I had an old PSOne controller lying around that I thought would be perfect for this project. I used precision screwdrivers, a hammer and a larger flathead screwdriver to disassemble [and mangle] the controller:
Here is what the controller looked like before I started taking it apart.
As you can see, the controller is held together with seven screws. The middle screw was being stubborn, but was put into its place using a handheld electric drill.
This is the controller opened up:
The back case came off cleanly, taking the L2 and R2 buttons with it. The majority of the electronics within the controller were left attached to the front of the controller.
The shoulder buttons were held on a plastic cradle. The cradle straddled a rubber mat with raised dimples that mapped onto two buttons on a printed circuit board. All of the printed circuit boards [PCB] on the controller were stamped with the numbers S003 94HB. From my research, 94HB corresponds to the part number for an LED, one of which was used for the on/off indicator for the analog sticks in the controller. I couldn’t find anything for S003.
Below, you can see the PCB that mapped to the directional pad, analog, start and select buttons, as well as the triangle, square, cross and circle buttons on the controller. These were connected to the PCB that housed the analog sticks with a Sumitomo G91 AWM 2896 80C 16pin ribbon cable.
Once the PCBs were removed, the dimpled rubber pads for the buttons were visible. The analog button was different from the rest in that it mapped to the PCB using a rigid plastic piece that also housed the stubborn screw that I mentioned earlier.
I thought that the button design for the triangle, square, cross and circle buttons on the controller was pretty awesome. Each button is keyed uniquely so that it sits flush with the housing only when it’s inserted in the correct position with the correct orientation.
The analog stick covers were easily removed to show the following set-up. I tried to pry these off of the PCB that housed them but only succeeded in snapping the PCB in two. I tried to hammer/lever these open, but these things are very sturdily built. They are probably really strongly welded together? Makes sense, and is an example of the thoughtful design that went into the design of these controllers, as they receive a ton of punishment from hardcore gamers.
From HowStuffWorks.com, the analog stick system consists of two potentiometers at right angles to one another. Current flows through each one, but the amount is determined by the resistance of the set-up [my research indicates that the controller receives 5V from the system]. The position of the joysticks impacts the amount of resistance in the system, which can then be used to map the precise location of the joystick, enabling user control.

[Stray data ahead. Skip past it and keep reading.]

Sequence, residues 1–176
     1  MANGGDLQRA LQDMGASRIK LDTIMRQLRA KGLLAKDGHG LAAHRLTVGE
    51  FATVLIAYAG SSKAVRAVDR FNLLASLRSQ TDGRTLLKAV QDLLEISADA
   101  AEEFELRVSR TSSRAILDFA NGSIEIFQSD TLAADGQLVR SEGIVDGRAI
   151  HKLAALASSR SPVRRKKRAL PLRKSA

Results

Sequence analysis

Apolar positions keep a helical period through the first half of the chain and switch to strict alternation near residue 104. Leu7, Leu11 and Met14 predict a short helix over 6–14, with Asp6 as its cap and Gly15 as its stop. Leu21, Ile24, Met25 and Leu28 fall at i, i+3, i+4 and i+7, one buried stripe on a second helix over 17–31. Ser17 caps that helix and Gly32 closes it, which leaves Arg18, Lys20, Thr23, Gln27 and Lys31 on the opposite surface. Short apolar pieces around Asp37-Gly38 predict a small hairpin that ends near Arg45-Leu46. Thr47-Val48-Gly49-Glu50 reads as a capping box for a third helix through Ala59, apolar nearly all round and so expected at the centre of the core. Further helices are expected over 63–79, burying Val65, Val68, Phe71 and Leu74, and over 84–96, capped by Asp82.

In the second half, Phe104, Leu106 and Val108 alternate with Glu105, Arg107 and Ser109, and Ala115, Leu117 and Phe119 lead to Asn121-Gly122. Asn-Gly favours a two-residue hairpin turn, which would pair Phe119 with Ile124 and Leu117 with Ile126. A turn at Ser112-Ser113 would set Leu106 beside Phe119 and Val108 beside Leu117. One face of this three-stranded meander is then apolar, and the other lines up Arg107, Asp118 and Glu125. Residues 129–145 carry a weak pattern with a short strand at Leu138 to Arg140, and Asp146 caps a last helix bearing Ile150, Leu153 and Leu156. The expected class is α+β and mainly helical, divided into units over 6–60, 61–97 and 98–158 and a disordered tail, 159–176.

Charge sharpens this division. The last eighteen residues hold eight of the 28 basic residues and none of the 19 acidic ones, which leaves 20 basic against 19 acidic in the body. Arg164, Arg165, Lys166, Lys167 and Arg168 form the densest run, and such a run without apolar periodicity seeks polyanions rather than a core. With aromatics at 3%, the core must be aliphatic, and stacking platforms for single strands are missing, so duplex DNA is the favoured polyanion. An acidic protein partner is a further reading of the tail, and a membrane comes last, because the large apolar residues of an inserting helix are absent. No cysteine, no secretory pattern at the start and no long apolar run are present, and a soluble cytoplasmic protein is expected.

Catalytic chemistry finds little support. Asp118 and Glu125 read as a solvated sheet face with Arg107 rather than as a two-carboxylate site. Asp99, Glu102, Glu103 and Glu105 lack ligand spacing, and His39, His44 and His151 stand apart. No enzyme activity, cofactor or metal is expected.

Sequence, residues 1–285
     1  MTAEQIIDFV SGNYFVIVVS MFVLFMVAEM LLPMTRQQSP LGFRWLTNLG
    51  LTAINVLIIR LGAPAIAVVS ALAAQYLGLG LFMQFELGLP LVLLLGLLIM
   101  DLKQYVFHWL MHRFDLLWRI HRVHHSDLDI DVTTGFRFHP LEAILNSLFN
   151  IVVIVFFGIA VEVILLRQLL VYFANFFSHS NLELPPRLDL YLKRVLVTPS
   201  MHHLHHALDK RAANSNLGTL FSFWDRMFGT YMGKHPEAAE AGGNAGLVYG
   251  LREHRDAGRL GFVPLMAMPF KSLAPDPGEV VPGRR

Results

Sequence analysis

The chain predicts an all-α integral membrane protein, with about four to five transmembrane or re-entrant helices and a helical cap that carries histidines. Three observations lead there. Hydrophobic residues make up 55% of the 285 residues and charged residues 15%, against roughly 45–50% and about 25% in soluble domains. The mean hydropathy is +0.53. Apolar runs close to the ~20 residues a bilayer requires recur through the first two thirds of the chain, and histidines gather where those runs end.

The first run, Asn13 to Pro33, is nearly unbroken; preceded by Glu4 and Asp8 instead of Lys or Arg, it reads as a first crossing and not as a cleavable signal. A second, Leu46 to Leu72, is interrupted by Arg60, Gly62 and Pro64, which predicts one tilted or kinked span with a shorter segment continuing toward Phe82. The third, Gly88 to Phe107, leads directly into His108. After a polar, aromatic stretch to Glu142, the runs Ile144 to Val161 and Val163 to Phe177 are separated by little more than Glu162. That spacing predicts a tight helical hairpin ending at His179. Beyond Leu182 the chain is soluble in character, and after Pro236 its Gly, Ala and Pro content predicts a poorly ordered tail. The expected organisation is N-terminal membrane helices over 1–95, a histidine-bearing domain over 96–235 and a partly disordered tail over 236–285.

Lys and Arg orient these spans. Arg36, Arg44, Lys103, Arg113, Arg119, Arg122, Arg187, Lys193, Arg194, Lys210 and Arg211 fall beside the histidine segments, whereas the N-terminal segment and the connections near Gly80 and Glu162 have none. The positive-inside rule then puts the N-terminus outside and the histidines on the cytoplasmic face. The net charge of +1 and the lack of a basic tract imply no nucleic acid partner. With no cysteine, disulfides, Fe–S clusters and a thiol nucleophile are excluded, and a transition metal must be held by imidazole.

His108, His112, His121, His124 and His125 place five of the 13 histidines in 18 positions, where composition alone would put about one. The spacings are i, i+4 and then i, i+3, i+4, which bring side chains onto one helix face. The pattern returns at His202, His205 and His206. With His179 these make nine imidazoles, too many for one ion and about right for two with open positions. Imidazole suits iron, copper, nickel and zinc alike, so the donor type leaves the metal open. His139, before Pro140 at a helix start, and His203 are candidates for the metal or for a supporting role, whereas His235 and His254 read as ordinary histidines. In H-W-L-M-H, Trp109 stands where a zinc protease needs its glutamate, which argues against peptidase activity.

The rumble functionality looks to be powered by two simple DC motors, each attached to two unbalanced weights.
The PCB that housed the analog sticks had this CXD8771Q T5V17 9949HAL 754327 chip on it. I tried to google it, but found nothing.
The controller’s cable head [where it inserts into the system] also proved difficult to open up. It houses 9 pins, each of which can be used to send data between the controller and the system. Here is the mapping, again from HowStuffWorks.com:
- DATA – This pin carries the signal that the controller sends to the PSX each time a button is pressed. It is an 8-bit serial transmission.
- COMMAND – This pin is used by the PSX to send information to the controller. Such information might trigger the motors in a Dual Shock controller at the proper moment. It also uses an 8-bit serial transmission.
- Not used
- POWER – This pin supplies 5 volts to the controller from the PSX.
- SELECT – This pin is used by the PSX to notify the controller of incoming data.
- CLOCK – This pin carries a synchronizing signal sent from the PSX to the controller.
- Not used
- ACKNOWLEDGE – This pin sends a signal to the PSX from the controller after each command that is received on Pin 2.
I was not able to find out what the metal [non-ferrous] collar around the controller cable did. My guess is that it regulates voltage/current somehow.
Finally, the fully deconstructed/exploded view of the controller. The controller’s plastic casings and buttons were injection molded, as were the rubber stoppers that sat between the buttons and the circuit board: